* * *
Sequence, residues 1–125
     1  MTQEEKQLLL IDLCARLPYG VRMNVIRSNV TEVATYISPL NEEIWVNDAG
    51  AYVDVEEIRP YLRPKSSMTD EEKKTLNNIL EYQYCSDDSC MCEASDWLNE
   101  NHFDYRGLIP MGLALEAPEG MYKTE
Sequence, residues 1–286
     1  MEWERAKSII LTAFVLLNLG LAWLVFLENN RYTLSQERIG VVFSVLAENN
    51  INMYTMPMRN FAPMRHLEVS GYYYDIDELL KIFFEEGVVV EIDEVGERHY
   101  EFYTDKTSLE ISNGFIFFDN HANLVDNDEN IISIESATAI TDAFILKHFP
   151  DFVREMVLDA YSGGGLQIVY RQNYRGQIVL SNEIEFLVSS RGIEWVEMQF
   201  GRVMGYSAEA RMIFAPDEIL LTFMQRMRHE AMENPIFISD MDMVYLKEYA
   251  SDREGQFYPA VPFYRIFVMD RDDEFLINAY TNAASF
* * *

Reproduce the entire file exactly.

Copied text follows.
Sequence, residues 1–125
     1  MTQEEKQLLL IDLCARLPYG VRMNVIRSNV TEVATYISPL NEEIWVNDAG
    51  AYVDVEEIRP YLRPKSSMTD EEKKTLNNIL EYQYCSDDSC MCEASDWLNE
   101  NHFDYRGLIP MGLALEAPEG MYKTE
Sequence, residues 1–286
     1  MEWERAKSII LTAFVLLNLG LAWLVFLENN RYTLSQERIG VVFSVLAENN
    51  INMYTMPMRN FAPMRHLEVS GYYYDIDELL KIFFEEGVVV EIDEVGERHY
   101  EFYTDKTSLE ISNGFIFFDN HANLVDNDEN IISIESATAI TDAFILKHFP
   151  DFVREMVLDA YSGGGLQIVY RQNYRGQIVL SNEIEFLVSS RGIEWVEMQF
   201  GRVMGYSAEA RMIFAPDEIL LTFMQRMRHE AMENPIFISD MDMVYLKEYA
   251  SDREGQFYPA VPFYRIFVMD RDDEFLINAY TNAASF